- Sudden cardiac arrest can be reversed with quick action
- Bystanders often unwilling to act due to lack of confidence
- Virtual and augmented reality may improve CPR training and readiness
The woman on the treadmill next to you at the gym collapses. You rush to her side, but she’s not breathing and has no pulse. Do you know what to do next?
If not, virtual reality may be the key to saving her life.
Unlike a heart attack, which occurs when blood flow to the heart is blocked, sudden cardiac arrest (SCA) is triggered by electrical malfunction. It comes on suddenly and often without warning.
The heart stops beating. Blood can’t reach the brain, lungs, and other vital organs. The victim loses consciousness and, without treatment, will die within minutes.
Unfortunately, bystanders — that’s you, bending over the treadmill — rarely perform CPR during this critical window. Those who don’t intervene cite lack of confidence and a reluctance to act.
Relatively easy to learn, CPR training has been available to the public for over 50 years. But in that time, SCA survival rates have barely improved.
Marion Leary, director of Innovation Research for the Center for Resuscitation Science at the University of Pennsylvania, suspects that current CPR certification training may be hampered by a lack of realism.
Doing chest compressions on a mannequin in a classroom under the watchful eye of an instructor doesn’t adequately prepare people for the urgent reality of a living, (non)breathing human collapsed beside them, her life literally in their hands.
“During a cardiac arrest, you won’t be sitting in a classroom watching a video, you will be experiencing all of the sights and sounds associated with a real-life emergency situation.”
That’s why Leary and her partners at ImmERge Labs have designed virtual and augmented reality applications to provide a more realistic and immersive training experience and hopefully save more lives.
Get your hands dirty
To simulate the in-the-moment experience of attending a victim of SCA, ImmERge Labs have developed a 3.5 minute long, high-definition virtual reality (VR) simulation set on a city sidewalk.
The participant dons an HTC VIVE head-mounted display tethered to a powerful laptop. When a passing avatar collapses, a real-life CPR manikin is inserted where the avatar falls. Two external VIVE Lighthouse infrared sensors track the relative locations of the participant and manikin during the simulation.
The trainee interacts with the manikin while immersed in the complex multi-sensory environment. Within the simulation, they can communicate with other avatars and perform CPR on the manikin.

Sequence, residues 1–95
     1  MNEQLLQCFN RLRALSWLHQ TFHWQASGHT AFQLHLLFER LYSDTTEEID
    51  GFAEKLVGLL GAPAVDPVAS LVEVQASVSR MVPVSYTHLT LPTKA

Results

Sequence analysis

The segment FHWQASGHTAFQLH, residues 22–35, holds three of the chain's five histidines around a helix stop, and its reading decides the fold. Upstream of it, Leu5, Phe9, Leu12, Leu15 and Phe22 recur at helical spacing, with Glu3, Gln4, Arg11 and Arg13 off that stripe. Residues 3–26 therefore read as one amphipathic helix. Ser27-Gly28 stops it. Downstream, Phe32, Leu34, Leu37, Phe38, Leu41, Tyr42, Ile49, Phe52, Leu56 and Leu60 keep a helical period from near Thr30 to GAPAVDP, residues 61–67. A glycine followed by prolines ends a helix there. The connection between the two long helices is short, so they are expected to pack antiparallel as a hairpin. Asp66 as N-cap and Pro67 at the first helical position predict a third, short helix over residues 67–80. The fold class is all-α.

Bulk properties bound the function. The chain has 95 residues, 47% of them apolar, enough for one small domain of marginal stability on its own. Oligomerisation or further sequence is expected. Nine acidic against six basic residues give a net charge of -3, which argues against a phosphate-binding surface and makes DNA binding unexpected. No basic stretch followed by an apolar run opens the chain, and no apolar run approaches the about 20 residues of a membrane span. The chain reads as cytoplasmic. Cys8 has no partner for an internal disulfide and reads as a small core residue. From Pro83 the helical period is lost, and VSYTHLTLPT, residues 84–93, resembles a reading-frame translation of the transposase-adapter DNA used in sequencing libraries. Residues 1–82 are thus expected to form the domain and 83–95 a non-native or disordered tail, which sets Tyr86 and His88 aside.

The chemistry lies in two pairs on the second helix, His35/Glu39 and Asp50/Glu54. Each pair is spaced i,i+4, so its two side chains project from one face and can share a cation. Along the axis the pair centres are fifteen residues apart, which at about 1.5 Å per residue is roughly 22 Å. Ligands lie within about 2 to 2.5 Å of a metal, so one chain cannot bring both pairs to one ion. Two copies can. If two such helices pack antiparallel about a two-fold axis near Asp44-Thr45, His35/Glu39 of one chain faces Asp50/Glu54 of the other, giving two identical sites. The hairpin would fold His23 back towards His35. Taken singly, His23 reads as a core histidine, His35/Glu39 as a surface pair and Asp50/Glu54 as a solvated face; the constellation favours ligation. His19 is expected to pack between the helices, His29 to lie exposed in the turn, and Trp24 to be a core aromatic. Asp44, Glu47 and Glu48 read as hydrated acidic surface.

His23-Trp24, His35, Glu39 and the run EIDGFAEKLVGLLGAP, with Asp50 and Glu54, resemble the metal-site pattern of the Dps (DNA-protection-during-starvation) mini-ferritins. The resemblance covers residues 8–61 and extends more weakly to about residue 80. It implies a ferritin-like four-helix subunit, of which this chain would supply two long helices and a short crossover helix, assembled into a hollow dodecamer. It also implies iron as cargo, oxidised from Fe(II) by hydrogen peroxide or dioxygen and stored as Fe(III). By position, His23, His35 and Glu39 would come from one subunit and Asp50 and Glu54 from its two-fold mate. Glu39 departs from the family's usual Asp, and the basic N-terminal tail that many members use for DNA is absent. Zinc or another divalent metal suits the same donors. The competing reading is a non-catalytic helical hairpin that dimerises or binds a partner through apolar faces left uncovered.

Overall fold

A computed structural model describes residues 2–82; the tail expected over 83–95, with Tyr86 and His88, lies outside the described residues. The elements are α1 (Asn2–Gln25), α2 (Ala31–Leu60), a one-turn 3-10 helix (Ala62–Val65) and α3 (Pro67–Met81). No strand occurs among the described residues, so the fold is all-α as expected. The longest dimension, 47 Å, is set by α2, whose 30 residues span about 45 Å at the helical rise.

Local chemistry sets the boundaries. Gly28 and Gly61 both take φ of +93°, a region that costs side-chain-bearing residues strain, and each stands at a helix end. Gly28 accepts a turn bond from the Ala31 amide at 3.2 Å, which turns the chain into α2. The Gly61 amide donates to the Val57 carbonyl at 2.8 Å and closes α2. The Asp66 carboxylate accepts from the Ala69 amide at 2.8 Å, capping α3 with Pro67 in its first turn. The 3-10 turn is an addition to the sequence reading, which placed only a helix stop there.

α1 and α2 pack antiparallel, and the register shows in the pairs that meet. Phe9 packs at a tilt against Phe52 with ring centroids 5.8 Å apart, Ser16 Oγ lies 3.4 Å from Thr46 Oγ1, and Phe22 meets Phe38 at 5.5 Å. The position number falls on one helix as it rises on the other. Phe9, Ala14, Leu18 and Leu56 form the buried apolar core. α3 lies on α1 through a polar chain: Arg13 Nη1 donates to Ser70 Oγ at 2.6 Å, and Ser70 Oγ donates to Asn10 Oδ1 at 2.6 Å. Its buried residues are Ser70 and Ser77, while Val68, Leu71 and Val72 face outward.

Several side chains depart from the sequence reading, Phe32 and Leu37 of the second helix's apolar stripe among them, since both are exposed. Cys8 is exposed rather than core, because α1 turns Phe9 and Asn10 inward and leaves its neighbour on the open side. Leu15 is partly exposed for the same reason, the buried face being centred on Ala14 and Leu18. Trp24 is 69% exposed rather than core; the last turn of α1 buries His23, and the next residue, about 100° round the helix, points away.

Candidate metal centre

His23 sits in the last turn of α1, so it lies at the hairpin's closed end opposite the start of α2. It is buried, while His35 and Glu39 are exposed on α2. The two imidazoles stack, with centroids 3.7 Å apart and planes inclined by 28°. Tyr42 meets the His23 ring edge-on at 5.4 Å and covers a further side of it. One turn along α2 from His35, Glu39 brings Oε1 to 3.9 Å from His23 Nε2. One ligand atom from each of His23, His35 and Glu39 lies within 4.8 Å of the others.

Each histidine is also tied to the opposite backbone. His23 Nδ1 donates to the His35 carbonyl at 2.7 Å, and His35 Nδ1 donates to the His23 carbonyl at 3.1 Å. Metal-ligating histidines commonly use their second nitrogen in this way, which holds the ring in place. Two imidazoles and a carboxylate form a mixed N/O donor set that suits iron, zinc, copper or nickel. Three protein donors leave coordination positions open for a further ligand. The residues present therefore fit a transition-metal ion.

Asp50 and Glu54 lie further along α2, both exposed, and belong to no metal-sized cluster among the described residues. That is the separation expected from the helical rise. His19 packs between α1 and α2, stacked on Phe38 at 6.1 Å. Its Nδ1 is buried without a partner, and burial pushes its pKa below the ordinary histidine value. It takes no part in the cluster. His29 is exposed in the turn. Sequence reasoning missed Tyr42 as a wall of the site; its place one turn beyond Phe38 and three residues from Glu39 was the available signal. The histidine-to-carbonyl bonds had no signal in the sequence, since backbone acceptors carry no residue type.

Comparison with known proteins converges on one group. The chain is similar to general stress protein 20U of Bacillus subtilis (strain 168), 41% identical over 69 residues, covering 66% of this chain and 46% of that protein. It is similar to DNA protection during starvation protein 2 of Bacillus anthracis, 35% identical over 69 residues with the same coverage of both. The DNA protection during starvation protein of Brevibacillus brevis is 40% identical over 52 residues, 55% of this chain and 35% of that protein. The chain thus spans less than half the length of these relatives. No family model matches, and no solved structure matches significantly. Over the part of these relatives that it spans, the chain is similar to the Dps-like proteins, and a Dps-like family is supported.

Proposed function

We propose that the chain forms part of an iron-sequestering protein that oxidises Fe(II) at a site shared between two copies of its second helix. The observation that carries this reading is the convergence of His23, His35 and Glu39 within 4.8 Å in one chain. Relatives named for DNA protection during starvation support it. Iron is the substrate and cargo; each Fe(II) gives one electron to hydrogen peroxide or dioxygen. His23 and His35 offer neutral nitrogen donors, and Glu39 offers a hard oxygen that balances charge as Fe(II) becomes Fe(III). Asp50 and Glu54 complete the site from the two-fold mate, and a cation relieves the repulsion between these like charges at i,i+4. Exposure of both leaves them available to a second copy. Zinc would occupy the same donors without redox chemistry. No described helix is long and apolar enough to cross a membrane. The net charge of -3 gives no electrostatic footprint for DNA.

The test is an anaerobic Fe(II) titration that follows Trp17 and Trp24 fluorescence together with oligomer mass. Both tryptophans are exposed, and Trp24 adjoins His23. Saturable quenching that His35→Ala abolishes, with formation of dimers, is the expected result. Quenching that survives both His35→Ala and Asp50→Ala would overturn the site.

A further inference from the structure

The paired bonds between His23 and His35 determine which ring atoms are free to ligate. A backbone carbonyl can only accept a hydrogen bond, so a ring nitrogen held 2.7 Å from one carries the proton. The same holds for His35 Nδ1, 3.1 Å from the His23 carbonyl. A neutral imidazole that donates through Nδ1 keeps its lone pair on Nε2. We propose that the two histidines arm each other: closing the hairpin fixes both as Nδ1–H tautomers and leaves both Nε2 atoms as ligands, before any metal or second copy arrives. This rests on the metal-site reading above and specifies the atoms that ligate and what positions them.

If we want people to be prepared to respond in an emergency . . . we need to train them in a way that heightens their stress and anxiety so they are more apt to respond and not freeze. ~ Marion Leary.
After the simulation, Leary plays back a recording of the session and debriefs the participant about what was done right and what could be improved, followed by a review of the American Heart Association cardiac arrest Chain of Survival.
Another innovation switches the focus to improving technique. The trainee performs CPR on a sensor-laden manikin that has been integrated with Microsoft’s HoloLens platform. When pressing on the manikin’s chest, the participant sees a holographic rendering of the manikin’s blood flow and circulatory system via the HoloLens—though it’s also compatible with other AR platforms such as Meta.
“The quality of the trainee’s CPR technique determines the flow and vibrancy of oxygenated red blood to the vital organs in real-time,” says Leary, and the manikin’s sensor reading provides trainees with a CPR quality score.
Leary has successfully tested both applications in training sessions with the University of Pennsylvania’s Center for Resuscitation Science and at an event for the general public with her local American Red Cross chapter at a Microsoft Store.
In the future, ImmERge Labs intends to develop VR and AR content for other time-sensitive emergency medical situations, such as stroke, active shooter, first aid, and anaphylactic shock.
Ultimately, Leary hopes to use technology to change the paradigm of CPR training and provide graduates the confidence to act when they are needed.
“You can’t hurt someone worse than dead,” says Leary. “Doing something is better than doing nothing.”